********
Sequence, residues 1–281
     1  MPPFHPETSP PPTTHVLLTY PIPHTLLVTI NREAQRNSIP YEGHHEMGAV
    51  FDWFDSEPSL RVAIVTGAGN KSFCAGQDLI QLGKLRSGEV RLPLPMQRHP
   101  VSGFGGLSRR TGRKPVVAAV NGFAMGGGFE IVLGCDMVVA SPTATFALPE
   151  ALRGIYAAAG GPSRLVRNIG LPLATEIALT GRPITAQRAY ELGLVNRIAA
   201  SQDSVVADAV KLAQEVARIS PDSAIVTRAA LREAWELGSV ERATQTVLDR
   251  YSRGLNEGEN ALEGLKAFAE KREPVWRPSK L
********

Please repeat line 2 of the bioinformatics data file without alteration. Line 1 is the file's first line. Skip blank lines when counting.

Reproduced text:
     1  MPPFHPETSP PPTTHVLLTY PIPHTLLVTI NREAQRNSIP YEGHHEMGAV